Let me be the first to admit that I was skeptical about Whole30.
What Is Whole30?
Whole30 is a very popular elimination you typically see all of your friends attempting after New Year’s. The official rules say that for 30 days, you can’t consume any added sugars (real or artificial), alcohol, grains, legumes, dairy, sulfites, or MSG. Basically, you’re sticking to fruit, meat, and vegetables.
As if being restrictive weren’t a challenge enough, Whole30 has one other important stipulation. If you cheat and eat one of the forbidden foods, you have to start all over again.
Say what?! Again, I was skeptical. What kind of healthy diet doesn’t allow a person to eat beans or quinoa? Why is there no grace and understanding that sometimes in the middle of a big diet, you just can’t resist the baked goods someone brought to the office?
A Registered Dietitian’s Take on Whole30
“Whole30 is essentially an elimination diet, or an anti-inflammatory diet,” says HUM Director of Education, Sarah Greenfield. “I’m a huge proponent of this way of eating. I think it’s really healthy to try something new and take out foods. What you do in that time period is decrease inflammation in your body. Then, when you reintroduce things, you can figure out if certain foods don’t agree with you.”
Anticipated Challenges & Benefits
Though I love adding lots of greens to my diet, I’m also a verified sugar addict. (Additionally, I’m known to Postmates Shake Shack for dinner semi-frequently.) Still, I consider myself more of an intuitive eater and was curious to see what results I’d see on a stricter regimen.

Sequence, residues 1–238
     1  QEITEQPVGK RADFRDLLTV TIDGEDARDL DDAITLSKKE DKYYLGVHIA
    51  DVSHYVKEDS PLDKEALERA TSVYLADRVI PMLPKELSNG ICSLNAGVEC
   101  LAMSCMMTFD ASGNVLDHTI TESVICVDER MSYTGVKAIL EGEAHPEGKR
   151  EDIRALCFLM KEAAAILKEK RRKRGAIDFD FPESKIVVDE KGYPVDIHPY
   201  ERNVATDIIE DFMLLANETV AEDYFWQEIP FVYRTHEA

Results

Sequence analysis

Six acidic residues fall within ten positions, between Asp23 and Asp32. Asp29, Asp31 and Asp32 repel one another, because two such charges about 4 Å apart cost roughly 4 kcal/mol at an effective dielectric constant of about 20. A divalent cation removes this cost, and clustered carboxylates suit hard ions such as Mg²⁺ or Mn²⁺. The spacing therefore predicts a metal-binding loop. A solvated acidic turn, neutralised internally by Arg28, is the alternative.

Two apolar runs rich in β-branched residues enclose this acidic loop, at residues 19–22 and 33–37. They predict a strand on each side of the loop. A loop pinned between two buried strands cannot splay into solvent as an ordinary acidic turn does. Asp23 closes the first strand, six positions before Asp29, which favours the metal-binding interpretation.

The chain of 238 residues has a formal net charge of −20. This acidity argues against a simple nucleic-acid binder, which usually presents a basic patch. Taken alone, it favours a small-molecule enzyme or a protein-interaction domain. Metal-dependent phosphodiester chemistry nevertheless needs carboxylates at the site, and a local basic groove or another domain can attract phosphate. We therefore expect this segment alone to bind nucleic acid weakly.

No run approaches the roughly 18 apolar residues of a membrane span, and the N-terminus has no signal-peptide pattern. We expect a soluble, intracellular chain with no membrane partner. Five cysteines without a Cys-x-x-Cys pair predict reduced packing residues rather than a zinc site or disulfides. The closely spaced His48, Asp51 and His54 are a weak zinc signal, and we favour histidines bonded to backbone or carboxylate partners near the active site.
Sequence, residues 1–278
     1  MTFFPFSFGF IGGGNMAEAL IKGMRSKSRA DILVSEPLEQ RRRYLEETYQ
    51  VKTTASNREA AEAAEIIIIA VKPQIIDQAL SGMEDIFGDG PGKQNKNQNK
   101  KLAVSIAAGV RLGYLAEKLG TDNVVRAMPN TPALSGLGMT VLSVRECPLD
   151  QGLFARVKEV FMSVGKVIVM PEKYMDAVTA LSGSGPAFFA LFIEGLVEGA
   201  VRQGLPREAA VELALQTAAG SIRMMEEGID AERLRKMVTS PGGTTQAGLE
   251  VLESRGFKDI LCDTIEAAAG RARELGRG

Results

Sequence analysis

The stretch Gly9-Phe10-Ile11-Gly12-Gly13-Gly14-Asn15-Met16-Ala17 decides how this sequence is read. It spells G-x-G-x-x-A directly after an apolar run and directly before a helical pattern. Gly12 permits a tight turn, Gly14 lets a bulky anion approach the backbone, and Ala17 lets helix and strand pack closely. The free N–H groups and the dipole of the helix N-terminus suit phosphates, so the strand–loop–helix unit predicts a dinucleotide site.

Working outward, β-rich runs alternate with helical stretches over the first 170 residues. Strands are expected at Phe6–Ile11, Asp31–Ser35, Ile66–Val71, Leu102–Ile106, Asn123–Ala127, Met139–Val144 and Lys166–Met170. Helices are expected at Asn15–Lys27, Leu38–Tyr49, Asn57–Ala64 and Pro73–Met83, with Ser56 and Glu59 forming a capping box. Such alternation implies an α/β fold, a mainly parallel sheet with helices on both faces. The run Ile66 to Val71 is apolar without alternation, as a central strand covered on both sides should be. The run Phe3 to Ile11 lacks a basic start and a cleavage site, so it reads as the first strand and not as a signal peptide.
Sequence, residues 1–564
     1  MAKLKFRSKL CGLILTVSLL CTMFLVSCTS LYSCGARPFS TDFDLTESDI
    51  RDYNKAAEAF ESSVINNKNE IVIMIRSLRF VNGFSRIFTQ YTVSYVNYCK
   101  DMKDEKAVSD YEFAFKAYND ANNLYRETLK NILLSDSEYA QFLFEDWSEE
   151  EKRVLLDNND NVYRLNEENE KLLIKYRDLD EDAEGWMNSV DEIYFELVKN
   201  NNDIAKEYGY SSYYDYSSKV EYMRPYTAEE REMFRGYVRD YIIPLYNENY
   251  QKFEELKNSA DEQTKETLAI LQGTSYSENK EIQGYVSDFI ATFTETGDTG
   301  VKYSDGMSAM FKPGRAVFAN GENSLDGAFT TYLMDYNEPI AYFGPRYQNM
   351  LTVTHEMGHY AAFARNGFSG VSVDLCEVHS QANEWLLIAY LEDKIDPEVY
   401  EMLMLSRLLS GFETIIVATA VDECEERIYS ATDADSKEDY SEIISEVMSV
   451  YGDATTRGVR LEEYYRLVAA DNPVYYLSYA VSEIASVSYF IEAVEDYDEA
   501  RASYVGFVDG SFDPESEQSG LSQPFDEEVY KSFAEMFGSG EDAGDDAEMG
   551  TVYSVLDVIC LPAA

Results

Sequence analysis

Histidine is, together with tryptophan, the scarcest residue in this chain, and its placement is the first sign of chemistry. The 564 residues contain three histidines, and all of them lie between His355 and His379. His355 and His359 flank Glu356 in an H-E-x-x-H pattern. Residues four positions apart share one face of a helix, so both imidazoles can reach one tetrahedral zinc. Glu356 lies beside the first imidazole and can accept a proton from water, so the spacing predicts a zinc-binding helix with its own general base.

You need look no further than the Whole30 website to find endorsements by doctors, dietitians, and acupuncturists. They say the diet will help you lose weight, beat fatigue, and help with all sorts of other ailments. Basically, it’s a miracle diet.
During the first few days of Whole30, I was afraid at any given bite that I was breaking the rules and would have to start all over. However, after the first week, I got into a groove with the permitted foods.
Throughout the first two weeks, my skin continued to break out. In fact, it was breaking out even MORE than usual. But by the end, I only had a few blemishes here and there instead of all over.
I thought the worst part of Whole30 would be banning sugar and alcohol. But I was surprised at how easy it was to just substitute something else in and still feel satisfied. If I craved sweets, I had a piece of fruit and that did the trick. At bars, I ordered a seltzer or hot tea. Just having something in my hand was enough.
In fact, the best part of Whole30 was something I hadn’t anticipated at all: saving a ton of money not drinking. Not to mention sparing myself from hangovers all month long. I’m so used to alcohol ruling over my social life on weekends. But it was really refreshing to know I can still go out with friends and have a good time without racking up a big expensive bar tab and suffering the next day.
The Final Results
Whoa! I don’t know about you, but the transformation definitely impressed me. Without adding any additional workouts to my routine—I typically do a few yoga classes a week—I saw way more definition in my arms and waist. Here are the numbers to show the proof:
Weight: -3 lbs
Waist Size: -3 inches
Body Fat Percentage: -0.6%
Though I still had a few blemishes here and there, my skin cleared up significantly. Furthermore, my energy, digestion, and mood all felt like they were functioning optimally. For me, this experiment was a huge success and I’d recommend it to anyone looking to try something new in their diet.